In this sense capitalism is an informational entity or hyperobject, a self-organizing structure for energy, matter, and information to further its own emergence through temporal computational algorithms. As Hidalgo reiterates this dance of information and computation is powered by the flow of energy, the existence of solids, and the computational abilities of matter. The flow of energy drives self-organization, but it also fuels the ability of matter to compute. Solids, on the other hand, from proteins to buildings, help order endure. Solids minimize the need for energy to produce order and shield information from the steady march of entropy. Yet the queen of the ball is the emergence of collective forms of computation, which are ubiquitous in our planet. Our cells are networks of proteins, which form organelles and signaling pathways that help them decide when to divide, differentiate, and even die. Our society is also a collective computer, which is augmented by the products we produce to compute new forms of information. (Hidalgo, KL 2532-2537).

Crossing the Rubicon?

Yet, is the organic base the most efficient? Are we not already dreaming of more permanent structures, more enduring and durable robotics, machinic, etc.? Hidalgo is hopeful for collective humanity, but is this necessarily so? It looks more like we are but a form of matter that might have been useful up to this point, but that is becoming more and more apparent as obsolete and limited for the further auto-organization of information in the future. What Kant termed finitude is this limiting factor for humans: the human condition. Are we seeing the power of matter, energy, and informational auto-organization about to make the leap from human to a more permanent form? A crossing of the Rubicon from which humanity may not as a species survive? Possibly even merging ourselves into more permanent structures to support information and intelligence in its need to escape the limits of planetary existence?

The questions we need to be raising now are such as: What happens to humans if machines gradually replace us on the job market? When, if ever, will machines outcompete humans at all intellectual tasks? What will happen afterward? Will there be a machine-intelligence explosion leaving us far behind, and if so, what, if any, role will we humans play after that?3 Max Tegmark* lists the usual ill-informed suspects on the blogosphere circuit that cannot and will not ever answer this:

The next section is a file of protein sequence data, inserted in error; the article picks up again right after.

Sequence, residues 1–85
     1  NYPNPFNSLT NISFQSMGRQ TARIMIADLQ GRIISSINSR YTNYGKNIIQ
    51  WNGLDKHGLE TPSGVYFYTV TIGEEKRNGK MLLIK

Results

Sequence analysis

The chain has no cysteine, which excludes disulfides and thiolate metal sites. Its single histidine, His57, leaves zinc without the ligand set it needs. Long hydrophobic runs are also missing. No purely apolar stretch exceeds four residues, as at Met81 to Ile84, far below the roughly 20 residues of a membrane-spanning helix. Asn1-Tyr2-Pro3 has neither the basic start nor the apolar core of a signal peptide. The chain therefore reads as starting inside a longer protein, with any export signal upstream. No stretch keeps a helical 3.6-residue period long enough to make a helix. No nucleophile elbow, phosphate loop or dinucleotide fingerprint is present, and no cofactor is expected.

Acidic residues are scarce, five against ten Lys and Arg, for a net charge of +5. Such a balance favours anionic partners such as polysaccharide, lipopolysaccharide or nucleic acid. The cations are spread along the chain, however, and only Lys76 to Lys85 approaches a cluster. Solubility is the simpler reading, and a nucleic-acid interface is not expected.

1. Scaremongering: Fear boosts ad revenues and Nielsen ratings, and many journalists seem incapable of writing an AI article without a picture of a gun-toting robot.
  2. “ It’s impossible”: As a physicist, I know that my brain consists of quarks and electrons arranged to act as a powerful computer, and that there’s no law of physics preventing us from building even more intelligent quark blobs.
  3. “ It won’t happen in our lifetime”: We don’t know what the probability is of machines reaching human-level ability on all cognitive tasks during our lifetime, but most of the AI researchers at a recent conference put the odds above 50 percent, so we’d be foolish to dismiss the possibility as mere science fiction.
  4. “ Machines can’t control humans”: Humans control tigers not because we’re stronger but because we’re smarter, so if we cede our position as the smartest on our planet, we might also cede control.
  5.  “ Machines don’t have goals”: Many AI systems are programmed to have goals and to attain them as effectively as possible.
  6. “ AI isn’t intrinsically malevolent”: Correct— but its goals may one day clash with yours. Humans don’t generally hate ants, but if we wanted to build a hydroelectric dam and there was an anthill there, too bad for the ants.
  7. “ Humans deserve to be replaced”: Ask any parent how they’d feel about your replacing their child by a machine and whether they’d like a say in the decision.
  8. “ AI worriers don’t understand how computers work”: This claim was mentioned at the above-mentioned conference and the assembled AI researchers laughed hard. (Brockman, pp. 44-45)

Tegmark will – as Hidalgo did – speak of humans as information processing systems:

we humans discovered how to replicate some natural processes with machines that make our own wind, lightning, and horsepower. Gradually we realized that our bodies were also machines, and the discovery of nerve cells began blurring the borderline between body and mind. Then we started building machines that could outperform not only our muscles but our minds as well. So while discovering what we are, will we inevitably make ourselves obsolete? (Brockman, p. 46)